High-income millennials embrace crypto payments

Nearly a third of consumers say they want to use cryptocurrency to make payments in the coming years, with high earners and those struggling to live within their means leading the way.

This rather interesting combination comes from “Paying With Cryptocurrency: Can Crypto At Checkout Become A Profit Center For Merchants?”, an August report from PYMNTS and BitPay.

Either way, it’s a steady rise, with 23% of those who don’t live paycheck to paycheck saying that one of the main motivations for buying cryptocurrency is to make payments. . For those who live comfortably from check to check, that goes up to 32%, but for those who live hard from check to check, it’s 43%.

Thus, the differences are large, jumping around the points in each group.

While the same progression is observed by income level, the differences are less. A third of consumers with incomes below $50,000 plan to pay with crypto in the coming year. This rises to 32% for those earning between $50,000 and $100,000 and 36% for those earning more than $100,000.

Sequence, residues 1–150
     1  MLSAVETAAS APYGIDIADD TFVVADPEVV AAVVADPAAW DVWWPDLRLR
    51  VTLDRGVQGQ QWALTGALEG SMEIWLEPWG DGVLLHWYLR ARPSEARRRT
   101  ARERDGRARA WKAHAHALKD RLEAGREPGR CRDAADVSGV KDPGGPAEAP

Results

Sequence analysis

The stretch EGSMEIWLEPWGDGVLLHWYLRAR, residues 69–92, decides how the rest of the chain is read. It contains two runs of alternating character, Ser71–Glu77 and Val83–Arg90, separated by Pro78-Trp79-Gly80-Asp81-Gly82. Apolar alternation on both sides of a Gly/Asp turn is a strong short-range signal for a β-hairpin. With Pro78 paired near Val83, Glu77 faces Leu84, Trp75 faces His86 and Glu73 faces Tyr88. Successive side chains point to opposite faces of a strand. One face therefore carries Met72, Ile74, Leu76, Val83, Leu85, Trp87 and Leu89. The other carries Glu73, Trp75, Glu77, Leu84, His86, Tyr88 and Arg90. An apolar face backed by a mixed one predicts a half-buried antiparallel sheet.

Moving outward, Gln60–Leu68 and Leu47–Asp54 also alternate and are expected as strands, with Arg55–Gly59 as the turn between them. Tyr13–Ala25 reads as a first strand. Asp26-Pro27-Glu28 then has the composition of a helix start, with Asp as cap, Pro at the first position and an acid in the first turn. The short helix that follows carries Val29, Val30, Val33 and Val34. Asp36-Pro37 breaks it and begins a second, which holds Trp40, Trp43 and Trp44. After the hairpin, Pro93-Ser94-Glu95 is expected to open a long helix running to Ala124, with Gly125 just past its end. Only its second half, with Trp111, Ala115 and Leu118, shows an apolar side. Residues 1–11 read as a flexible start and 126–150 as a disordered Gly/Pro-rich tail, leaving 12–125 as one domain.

Overall, there is a steady increase in the desire to pay with crypto as age decreases, but with one notable exception: Gen Zers are slightly less likely than their millennial counterparts to see crypto payouts in their 12-month future at 38% and 39%, respectively.

Surprisingly, 24% of seniors want to be able to make crypto payments, although almost 70% say they have no intention of making purchases with crypto. Generation X reaches 29%, and Generation Y exceeds 35%.

Then there is what people who actually own cryptocurrency want to spend.

The most interesting thing is that there is surprisingly little variation between people who want to spend in retail stores and groceries, and online gamers and those looking to pay for financial or streaming services. .

Across 10 spending categories, between 53% and 58% were interested in paying for goods and services with crypto.

Get the report: Paying with Cryptocurrency: Can Crypto at Checkout Become a Profit Center for Merchants?

New PYMNTS Study: How Consumers Use Digital Banks

A PYMNTS survey of 2,124 US consumers shows that while two-thirds of consumers have used FinTechs for some aspect of banking, only 9.3% call them their primary bank.


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